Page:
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[Columns]“Shin-Kanko Rikkokuron,” a New National Tourism Strategy Proposed by a Pro-Japan British Business Manager

 I have often heard the word “inbound” recently. The unfamiliar word refers to foreign tourists visiting Japan. In the last couple of years, a flock of foreign travelers have visited across the country, and their bulk buying and the shortage of hotels have become hot topics, which appear to be a sign of popularity represented by the phenomenon called “Cool Japan.” Data from a government agency shows that the number of inbound tourists in 2014 increased by more than three million from a little over 10 million in 2013, and the number this year will be close to 20 million. With the popularity driven by a weaker yen, the relaxation of visa requirements, and the effect of being chosen to host the 2020 Olympic Games, there has been a lot of debate recently about tourism strategies for the nation. The number of foreign travelers using hotels and commercial facilities, and visiting tourist spots in Kansai stands out compared to those of other regions. Kyoto in particular has drawn increasing attention and has been selected as the number one destination in the world by foreign tourists, according to a survey conducted by a travel magazine. When you travel to Kyoto, you see many foreign tourists even on ordinary days, and a large number of people praise Kyoto as a symbol of Japan as a major tourism country. Now, let’s look at the level of tourism in Japan and Kyoto.

 Do you know a person called David Atkinson? The British businessman has had a unique career. The former analyst at Goldman Sachs is now president of Konishi Decorative Arts and Crafts Co. The company is a famous 300-year-old restorer of national treasures and important cultural assets. Mr. Atkinson lives in Kyoto, has a deep knowledge of Japanese traditional culture, and has entered the Urasenke School of tea ceremony with the master name, Soshin. Having written a book titled “Shin-Kanko Rikkokuron,” a new national tourism strategy, Mr. Atkinson is drawing attention as a high-profile pro-Japan corporate manager. I had an opportunity to listen to his tourism strategy this fall at a lecture meeting with Dr. Takeshi Yoro, a brain scientist, presented by Kyoto Kyoiku Konwakai, held in Kyoto City, The subject was “Future of Cool Japan ― Light (Open the Country in the Real Sense of the Term) or Dark (Isolate the Country.)” He decisively said that Japan is a backward country in the international tourism stakes.

 His remark of “a backward country” came as a shock, but the point is how to interpret the numbers of international tourists. Among advanced nations, the most visited country by international tourists in 2013 was France with 84 million. Japan was ranked 26th (21st in international tourism receipts.) The country was outranked by Thailand, Hong Kong, Macau and South Korea. The real meaning of his comment is this. Although Japan has all four resources required to become a major tourism country; mild climate, abundant nature, power of culture, and a great variety of foods, the country is ranked 26th (even when it will have 20 million foreign tourists in future), which is an incredibly low level, and Japan does not make the most of the advantages it has. He also mentioned that the national budget for cultural affairs is about 100 billion yen, which is one fifth of that of France, and the amount has remained at only 0.012% of GDP, which is ranked as the lowest among advanced nations. The budget for repairing cultural assets in Japan is less than eight billion yen compared to 50 billion yen in the UK. These facts show that Japan is far from being a tourism country.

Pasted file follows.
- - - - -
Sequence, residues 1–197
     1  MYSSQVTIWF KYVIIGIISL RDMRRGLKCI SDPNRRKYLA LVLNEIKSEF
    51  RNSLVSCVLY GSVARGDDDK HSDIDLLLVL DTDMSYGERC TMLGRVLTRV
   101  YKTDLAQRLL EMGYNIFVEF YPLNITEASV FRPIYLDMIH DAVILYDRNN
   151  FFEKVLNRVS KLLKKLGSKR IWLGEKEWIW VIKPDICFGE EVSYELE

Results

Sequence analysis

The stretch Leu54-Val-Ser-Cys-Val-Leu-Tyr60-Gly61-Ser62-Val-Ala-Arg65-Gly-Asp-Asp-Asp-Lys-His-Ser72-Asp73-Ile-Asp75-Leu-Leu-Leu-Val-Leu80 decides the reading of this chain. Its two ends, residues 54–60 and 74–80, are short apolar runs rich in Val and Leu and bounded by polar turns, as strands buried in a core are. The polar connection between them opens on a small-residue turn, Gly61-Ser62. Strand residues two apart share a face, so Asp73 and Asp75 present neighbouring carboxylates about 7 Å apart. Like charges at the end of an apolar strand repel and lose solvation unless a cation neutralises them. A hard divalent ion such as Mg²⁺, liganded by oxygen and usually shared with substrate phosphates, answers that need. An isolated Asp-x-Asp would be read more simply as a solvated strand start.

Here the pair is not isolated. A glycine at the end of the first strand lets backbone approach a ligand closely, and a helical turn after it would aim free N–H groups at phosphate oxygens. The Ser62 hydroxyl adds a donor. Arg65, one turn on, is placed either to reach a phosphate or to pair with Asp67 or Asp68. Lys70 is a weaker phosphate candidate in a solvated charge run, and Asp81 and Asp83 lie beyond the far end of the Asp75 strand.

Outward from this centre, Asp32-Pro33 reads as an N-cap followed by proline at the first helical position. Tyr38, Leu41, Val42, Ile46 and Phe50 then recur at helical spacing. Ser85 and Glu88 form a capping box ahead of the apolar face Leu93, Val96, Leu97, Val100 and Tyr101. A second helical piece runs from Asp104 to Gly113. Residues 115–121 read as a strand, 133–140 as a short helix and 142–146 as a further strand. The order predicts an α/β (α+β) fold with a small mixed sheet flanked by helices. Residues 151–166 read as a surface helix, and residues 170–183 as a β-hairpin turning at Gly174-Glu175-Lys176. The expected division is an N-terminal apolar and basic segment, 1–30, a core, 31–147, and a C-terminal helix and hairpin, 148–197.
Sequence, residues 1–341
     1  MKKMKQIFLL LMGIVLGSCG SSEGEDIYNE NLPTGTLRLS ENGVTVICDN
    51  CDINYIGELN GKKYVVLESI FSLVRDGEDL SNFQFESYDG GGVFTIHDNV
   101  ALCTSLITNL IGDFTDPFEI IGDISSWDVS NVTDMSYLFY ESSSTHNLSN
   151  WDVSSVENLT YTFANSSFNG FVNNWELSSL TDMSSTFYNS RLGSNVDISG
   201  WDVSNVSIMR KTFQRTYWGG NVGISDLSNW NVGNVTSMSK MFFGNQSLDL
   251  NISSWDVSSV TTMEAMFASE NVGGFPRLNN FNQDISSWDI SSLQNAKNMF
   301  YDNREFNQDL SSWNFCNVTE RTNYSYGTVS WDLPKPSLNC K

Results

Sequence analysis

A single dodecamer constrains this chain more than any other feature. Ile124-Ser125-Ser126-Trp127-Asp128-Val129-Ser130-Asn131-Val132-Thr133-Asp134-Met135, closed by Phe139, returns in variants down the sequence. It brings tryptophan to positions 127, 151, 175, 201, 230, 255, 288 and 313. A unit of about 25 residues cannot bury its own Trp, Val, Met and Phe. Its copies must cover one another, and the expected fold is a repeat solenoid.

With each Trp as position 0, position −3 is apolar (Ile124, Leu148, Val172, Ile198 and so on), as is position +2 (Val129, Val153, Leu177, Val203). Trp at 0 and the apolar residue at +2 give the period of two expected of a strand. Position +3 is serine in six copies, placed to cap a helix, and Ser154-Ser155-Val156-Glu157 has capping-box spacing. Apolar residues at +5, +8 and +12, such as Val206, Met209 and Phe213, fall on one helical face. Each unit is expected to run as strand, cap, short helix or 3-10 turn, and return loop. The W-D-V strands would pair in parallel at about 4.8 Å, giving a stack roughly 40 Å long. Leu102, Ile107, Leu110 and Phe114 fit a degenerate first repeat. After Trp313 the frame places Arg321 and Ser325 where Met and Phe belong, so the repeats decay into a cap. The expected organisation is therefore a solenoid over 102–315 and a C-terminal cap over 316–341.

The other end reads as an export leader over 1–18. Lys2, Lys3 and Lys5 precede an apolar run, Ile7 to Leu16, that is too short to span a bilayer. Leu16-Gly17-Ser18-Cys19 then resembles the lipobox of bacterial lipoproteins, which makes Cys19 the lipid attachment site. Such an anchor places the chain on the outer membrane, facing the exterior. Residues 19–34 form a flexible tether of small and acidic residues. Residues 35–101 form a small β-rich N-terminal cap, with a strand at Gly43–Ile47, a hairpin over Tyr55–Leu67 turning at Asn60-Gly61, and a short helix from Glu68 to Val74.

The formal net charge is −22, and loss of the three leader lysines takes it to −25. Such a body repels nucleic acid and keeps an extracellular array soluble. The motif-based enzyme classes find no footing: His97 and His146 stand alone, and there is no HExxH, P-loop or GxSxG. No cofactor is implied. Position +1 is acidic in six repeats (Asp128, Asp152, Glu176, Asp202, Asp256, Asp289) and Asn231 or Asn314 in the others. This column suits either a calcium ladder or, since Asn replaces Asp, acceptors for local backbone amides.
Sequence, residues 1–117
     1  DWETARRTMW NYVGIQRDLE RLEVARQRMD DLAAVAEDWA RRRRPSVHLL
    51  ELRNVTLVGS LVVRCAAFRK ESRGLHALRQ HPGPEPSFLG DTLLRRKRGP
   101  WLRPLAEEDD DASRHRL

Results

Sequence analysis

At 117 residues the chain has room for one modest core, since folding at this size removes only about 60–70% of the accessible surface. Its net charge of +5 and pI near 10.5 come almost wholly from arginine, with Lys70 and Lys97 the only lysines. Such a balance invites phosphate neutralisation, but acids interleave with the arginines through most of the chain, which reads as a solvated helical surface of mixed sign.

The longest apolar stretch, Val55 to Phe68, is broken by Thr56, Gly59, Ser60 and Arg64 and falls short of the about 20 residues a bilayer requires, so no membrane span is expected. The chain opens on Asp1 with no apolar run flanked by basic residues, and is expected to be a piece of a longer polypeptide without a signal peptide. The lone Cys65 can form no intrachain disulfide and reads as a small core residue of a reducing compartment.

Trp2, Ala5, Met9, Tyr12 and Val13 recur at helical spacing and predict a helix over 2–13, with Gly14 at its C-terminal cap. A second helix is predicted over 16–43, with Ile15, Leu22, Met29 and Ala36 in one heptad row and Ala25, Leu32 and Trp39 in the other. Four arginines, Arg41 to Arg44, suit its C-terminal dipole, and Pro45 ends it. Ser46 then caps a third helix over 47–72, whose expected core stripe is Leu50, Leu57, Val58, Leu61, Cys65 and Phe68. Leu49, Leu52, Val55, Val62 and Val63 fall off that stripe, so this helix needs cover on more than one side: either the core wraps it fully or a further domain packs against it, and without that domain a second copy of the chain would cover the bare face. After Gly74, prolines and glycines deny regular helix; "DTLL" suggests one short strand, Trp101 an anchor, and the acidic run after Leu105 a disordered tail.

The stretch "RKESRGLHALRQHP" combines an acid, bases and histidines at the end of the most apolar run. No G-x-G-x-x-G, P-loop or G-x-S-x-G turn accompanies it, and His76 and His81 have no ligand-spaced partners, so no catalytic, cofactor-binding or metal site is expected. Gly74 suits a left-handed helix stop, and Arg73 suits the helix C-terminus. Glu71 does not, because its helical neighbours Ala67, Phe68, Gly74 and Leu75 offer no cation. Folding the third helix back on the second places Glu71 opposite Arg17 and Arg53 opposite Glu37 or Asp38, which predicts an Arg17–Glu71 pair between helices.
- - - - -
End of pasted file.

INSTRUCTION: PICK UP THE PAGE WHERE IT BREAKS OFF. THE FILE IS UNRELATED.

When it comes to Kyoto, he was severely critical saying that the ancient city looks as if it is sealed off to the outside world. He pointed out that even though Kyoto has abundant tourism resources about which Japan can boast to the world, not to mention things like the World Heritage shrines and temples, Kyoto cuisine, and more than one thousand festivals, the number of foreign tourists who stay in Kyoto is still at the one million a year level, which is surprisingly few compared to the number of foreign visitors to the British Museum alone of four million, and that the scenery is being spoiled with new buildings which do not blend in with their surroundings and traditional townhouses are being torn down one after another. To Mr. Atkinson’s eyes, who is examining the status of Kyoto from a global point of view, the ancient capital seems to have many challenges in structural and non-structural aspects in terms of infrastructure and they need to be developed to attract foreign tourists despite its attractions and considerable potential.

 Japan faces many challenges and Mr. Atkinson believes that the top of its agenda is response to a shrinking and ageing population and that it needs to adopt a new national strategy and become a tourism country by aggressively attracting foreign tourists as “short-term immigrants” so that its dwindling population can be compensated for. He also says that if Japan and Kyoto realize the importance of the tourism industry and stop being isolated, the country will be able to achieve annual inbound tourists of more than 80 million by 2030. He emphasizes that tourism could be the largest growth industry of the 21st Century in Japan, which would be a tramp card to revitalize the economy. His message impressed me, which was for the first time in a long time. (Tokuo Sato, education journalist)

・Photos provided by Kyoto Kyoiku Konwakai.
 
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